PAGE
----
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Samedi Gras

Endymion's return to its traditional Mid-City route shows that, sometimes, you CAN go home again.

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For the most part, the days of Carnival krewes parading through old New Orleans neighborhoods are gone. In the old days, krewes bearing names such as Carrollton, Mid-City and Freret had memberships that consisted mostly of residents from those areas and their routes adhered to the confines of the 'hood. Nowadays, a few of the neighborhood krewes remain, but their routes reflect the city's homogenization of parade presentations. They all pretty much follow the Uptown route.

While no one would call the Krewe of Endymion a neighborhood krewe — it has 2,450 members and 25 super-tandem floats — the group does have historic ties to New Orleans' Mid-City neighborhood. Until a few years ago, Endymion wound its way right through the heart of Mid-City, rolling up Orleans Avenue to Carrollton Avenue, then to Canal Street and downtown.

When the super krewe was forced to adopt the Uptown route in 2006, it didn't sit well with the captain, krewe members or the hundreds of thousands of Endymion fans. Happily, Endymion's return this year to its traditional Mid-City route serves as a reminder that Mardi Gras is more than a celebration; it evokes a sense of place. It also reminds us that a parade can have a huge impact on the collective psyche of a neighborhood on the mend.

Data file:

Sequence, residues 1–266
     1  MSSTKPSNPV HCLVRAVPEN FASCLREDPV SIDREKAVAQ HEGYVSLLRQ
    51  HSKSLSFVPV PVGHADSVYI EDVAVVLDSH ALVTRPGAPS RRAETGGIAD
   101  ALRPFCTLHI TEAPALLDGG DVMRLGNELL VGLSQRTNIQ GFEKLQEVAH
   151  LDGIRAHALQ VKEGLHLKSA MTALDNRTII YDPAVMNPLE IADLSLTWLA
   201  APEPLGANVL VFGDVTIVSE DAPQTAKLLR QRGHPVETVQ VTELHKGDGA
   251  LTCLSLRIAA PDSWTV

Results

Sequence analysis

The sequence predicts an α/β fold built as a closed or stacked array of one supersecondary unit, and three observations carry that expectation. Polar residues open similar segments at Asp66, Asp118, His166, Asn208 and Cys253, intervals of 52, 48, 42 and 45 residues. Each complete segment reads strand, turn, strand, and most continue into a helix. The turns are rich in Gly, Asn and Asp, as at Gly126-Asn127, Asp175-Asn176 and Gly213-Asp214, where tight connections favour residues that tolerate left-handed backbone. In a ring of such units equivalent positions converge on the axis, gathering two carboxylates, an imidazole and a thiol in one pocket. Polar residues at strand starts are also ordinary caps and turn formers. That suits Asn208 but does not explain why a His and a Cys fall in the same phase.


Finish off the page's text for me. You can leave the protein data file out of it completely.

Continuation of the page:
"The Yankees play in Yankee Stadium, the Cubs play in Wrigley Field, the Red Sox play at Fenway Park, and Endymion plays on Orleans Avenue," says krewe founder and captain Ed Muniz, who doubles as mayor of Kenner these days.

"We lost the battle, but we won the war because we got them back long term," adds Mid-City Neighborhood Organization (MCNO) Vice President Jennifer Weishaupt. "Since all the neighborhood parades have all gone away and everyone's consolidated to one route, we didn't want Katrina to be the spark to have that happen to us."

MCNO leaders and Mid-City residents hoped to get Endymion back for the 2007 Carnival season. Weishaupt, who chairs the group's economic development committee, says MCNO began lobbying City Council members in October 2006 to let Endymion return to the neighborhood. The Council unanimously supported the idea, but Police Chief Warren Riley nixed it, saying he didn't have enough officers to cover the parade. Riley said the many abandoned houses on and near the route would create an environment that would be difficult to control.